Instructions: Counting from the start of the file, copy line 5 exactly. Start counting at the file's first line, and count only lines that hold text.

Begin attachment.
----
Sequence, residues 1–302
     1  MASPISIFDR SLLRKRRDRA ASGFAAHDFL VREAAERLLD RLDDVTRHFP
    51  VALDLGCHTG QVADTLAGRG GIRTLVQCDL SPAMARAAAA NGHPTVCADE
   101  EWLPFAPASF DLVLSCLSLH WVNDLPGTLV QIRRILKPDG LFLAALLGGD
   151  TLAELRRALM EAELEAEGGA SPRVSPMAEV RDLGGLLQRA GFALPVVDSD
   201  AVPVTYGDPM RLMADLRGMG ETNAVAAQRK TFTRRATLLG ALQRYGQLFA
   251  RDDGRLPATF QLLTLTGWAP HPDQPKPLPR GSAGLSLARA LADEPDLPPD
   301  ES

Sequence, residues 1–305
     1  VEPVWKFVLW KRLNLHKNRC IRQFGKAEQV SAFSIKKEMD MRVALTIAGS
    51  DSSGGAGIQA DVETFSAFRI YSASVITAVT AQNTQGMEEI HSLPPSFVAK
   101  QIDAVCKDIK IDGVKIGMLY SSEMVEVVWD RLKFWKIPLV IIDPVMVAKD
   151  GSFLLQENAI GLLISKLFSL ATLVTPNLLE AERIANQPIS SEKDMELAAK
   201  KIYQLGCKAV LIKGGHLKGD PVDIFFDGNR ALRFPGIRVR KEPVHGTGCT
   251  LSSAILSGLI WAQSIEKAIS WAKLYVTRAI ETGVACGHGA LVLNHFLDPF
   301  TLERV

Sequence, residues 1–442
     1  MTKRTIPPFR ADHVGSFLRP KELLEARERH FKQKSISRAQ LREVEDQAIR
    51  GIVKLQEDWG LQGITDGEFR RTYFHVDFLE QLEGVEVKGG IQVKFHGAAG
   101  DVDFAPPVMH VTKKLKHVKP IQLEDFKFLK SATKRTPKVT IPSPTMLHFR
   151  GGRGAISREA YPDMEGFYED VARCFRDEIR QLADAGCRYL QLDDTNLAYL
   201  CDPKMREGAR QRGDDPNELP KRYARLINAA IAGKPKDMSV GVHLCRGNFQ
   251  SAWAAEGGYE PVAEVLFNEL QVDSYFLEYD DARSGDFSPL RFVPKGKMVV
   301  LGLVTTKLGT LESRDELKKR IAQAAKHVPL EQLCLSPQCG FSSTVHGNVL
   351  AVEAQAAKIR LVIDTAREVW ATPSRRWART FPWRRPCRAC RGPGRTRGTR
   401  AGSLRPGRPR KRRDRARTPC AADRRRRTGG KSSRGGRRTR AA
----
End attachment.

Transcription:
   151  TLAELRRALM EAELEAEGGA SPRVSPMAEV RDLGGLLQRA GFALPVVDSD